This post is inspired by numerous conversations I've had with clients, as are many of the posts I write.
This conversation typically kicks off at the start of a new link building campaign, when I’m explaining quick (yet quality) wins in link building. One of those quick wins is local link building - local links are great, typically based on prior relationships, and rely upon inherent - as opposed to established - authority (being a local business).
Plainly said, local links are easy to acquire because:
- They only require you to be based in your locality (which you already are)
- You can leverage past relationships that most businesses form naturally.
So, you should already have everything you need to build quality local links today.
If you’re only interested in how to build local links, follow through to the link above, which is a guide I wrote for Search Engine Watch back in June.
The point of this post is to discuss relevance in local link building - which is where the conversation with clients routinely goes after bringing up the possibility of building local links.
I’m a big believer in relevancy first link building - I started an entire firm (Page One Power) around the concept. The idea is that our guiding principle in link building is relevance.
Of course we examine other factors as well - but if the relevance isn’t there, neither are we.
We build great links that make sense. That’s why relevancy is so important in link building: it helps create sensical, natural links that Google values.
Because I espouse relevancy first, it’s important to define relevancy when building links locally. What is and isn’t relevant? Is relevancy redefined when thinking locally versus nationally (or globally)? Absolutely.
What Is And Is Not Relevant
Relevancy is twofold when you’re pursuing local link building.
First, you have what’s relevant to your company, industry, niche, vertical, and product - much the same as when you’re pursuing traditional link building. To use Page One Power as an example, that takes the shape of link building, SEO, Search Engine Marketing, and eventually, internet marketing - going from narrow to broad relevance.
When utilizing local link building, you mix in your locality to the relevance - including city, county, and state. So, much the same as link building is completely relevant to my company, our city (Boise) is completely relevant in local link building.
Relevance in local link building relies more on locality as opposed to industry relevance, which is your sole concern in traditional link building. And, because relevance is so important, there can be some concerns about building links that don’t have any industry relevance.
But again, in local link building it’s the relevance of the location that is important - industry relevance is truly secondary; nice if it’s there, but certainly not required.
Traditional Link Building Values Still Apply
Although relevance takes a new twist when building local links, link building values remain the same. You should still be answering the same questions:
- Does the link make sense?
- Does the site provide value?
- Would I proudly show the link to the client (friend/family/colleague/etc.)?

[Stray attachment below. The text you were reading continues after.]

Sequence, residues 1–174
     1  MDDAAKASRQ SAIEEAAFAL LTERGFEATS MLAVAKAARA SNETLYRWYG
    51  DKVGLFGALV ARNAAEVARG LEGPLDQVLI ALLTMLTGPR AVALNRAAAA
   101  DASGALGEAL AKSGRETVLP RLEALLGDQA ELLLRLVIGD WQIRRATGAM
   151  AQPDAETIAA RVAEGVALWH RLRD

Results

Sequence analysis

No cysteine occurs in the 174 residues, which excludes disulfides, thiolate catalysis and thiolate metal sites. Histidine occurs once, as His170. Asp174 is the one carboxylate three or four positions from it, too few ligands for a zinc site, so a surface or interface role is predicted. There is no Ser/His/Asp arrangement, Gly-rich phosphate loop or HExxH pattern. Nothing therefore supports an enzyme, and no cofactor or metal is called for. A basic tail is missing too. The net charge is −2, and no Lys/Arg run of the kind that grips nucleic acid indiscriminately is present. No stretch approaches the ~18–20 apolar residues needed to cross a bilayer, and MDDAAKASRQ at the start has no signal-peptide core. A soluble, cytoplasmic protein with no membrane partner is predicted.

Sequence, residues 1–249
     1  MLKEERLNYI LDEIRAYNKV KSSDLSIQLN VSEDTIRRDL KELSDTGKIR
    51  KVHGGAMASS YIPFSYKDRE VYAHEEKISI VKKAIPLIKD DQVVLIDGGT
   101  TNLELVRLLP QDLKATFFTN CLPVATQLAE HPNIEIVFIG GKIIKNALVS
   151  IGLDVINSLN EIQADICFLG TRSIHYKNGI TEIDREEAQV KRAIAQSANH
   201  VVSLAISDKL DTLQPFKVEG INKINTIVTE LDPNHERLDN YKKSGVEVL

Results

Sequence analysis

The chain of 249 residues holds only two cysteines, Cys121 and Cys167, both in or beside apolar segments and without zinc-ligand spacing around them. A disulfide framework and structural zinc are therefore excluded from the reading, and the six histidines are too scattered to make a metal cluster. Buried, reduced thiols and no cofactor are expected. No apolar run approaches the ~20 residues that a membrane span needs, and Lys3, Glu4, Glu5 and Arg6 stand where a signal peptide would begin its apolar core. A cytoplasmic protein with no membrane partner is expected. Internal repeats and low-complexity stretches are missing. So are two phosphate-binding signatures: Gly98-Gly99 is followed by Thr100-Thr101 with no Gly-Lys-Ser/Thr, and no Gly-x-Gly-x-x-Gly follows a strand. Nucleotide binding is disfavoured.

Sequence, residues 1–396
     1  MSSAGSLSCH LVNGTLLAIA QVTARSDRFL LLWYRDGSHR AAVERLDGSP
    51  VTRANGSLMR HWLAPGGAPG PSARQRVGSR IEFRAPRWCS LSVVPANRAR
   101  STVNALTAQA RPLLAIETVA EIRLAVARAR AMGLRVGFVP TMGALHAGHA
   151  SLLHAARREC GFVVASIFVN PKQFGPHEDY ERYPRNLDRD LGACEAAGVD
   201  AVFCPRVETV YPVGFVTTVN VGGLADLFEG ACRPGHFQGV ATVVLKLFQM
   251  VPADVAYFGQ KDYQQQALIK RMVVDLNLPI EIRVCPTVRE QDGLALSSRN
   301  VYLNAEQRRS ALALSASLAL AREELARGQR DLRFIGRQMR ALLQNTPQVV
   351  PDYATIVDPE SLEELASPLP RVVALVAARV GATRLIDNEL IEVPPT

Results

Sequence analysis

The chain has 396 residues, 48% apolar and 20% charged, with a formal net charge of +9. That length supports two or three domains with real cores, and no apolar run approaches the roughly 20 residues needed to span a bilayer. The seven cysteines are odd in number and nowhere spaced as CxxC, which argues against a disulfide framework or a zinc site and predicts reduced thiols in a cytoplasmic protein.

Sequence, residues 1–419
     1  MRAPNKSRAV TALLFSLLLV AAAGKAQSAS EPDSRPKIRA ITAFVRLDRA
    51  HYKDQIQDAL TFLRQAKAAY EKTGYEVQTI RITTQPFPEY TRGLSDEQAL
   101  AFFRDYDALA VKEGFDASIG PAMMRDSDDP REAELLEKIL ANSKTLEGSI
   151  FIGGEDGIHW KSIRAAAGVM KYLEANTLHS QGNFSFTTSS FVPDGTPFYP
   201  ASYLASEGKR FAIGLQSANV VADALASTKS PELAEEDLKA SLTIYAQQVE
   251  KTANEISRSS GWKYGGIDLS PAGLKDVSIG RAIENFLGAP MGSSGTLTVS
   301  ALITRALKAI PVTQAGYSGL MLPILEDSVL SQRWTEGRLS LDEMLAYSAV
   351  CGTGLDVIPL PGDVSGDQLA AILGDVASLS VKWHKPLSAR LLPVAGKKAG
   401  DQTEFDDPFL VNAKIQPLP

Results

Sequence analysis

Those three basic questions should prove a litmus test for sites worth pursuing; if you answer no to a single one the link shouldn’t be worth pursuing.
Link building values also apply to the link itself. You should still be using best practices to ensure they’re great links that make sense. Factors to keep in mind:
- Anchor text diversity with an emphasis on branding
- Link placement and location
- Page content and relevance
- Other links on the page
Make sure you’re acquiring intelligent links. The goal is natural, organic links that make sense. This is why local link building is so powerful - these are links that are very human in nature, and should be a consideration in any link building campaign.
Pursuing Local Link Building Opportunities
Opportunity is typically plentiful in local link building. The goal with any local links is to build your own authority, by targeting authority sites within your locality.
Big wins that should be scoured through first:
- City government pages, including
- Official city website
- Chambers of commerce
- City council sites
- Local charities and nonprofits
- Local clubs, organizations, and groups
There are often relevant pages on all of these sites devoted to local businesses, sponsors of events, local resources, etc. etc.
This is especially important if your business at all profits from local customers. Want a great way to ensure Google pulls up your site for local searches? What better way to clue Google into your local authority than to have your local government linking to you?
Next you should leverage past relationships. Adam Melson of SEER wrote a great article covering 35 local link building opportunities that focuses heavily of leveraging local relationships. It’s worth your time to read, but to summarize:
- Create a needed resource for your community
- Provide online reviews for any businesses you genuinely like/use
- Participate in - or better yet, sponsor - local events
- Participate in or sponsor local fundraisers/charities
- Give back to your local community
- Get noticed by local media
Find a way to add a bit of value to your community, and then work to get the link.
- Local link building should be included in any fresh link building campaign, when applicable.
- Local link building represents potential quick wins because it’s based on your location and past relationships.
- Relevance in local link building is centered around your location - city, county, region, state from narrow to broad.
- Traditional values still apply in local link building.
- As always be creative when looking for local link building opportunities, but don’t forget to look to authoritative local sites as well.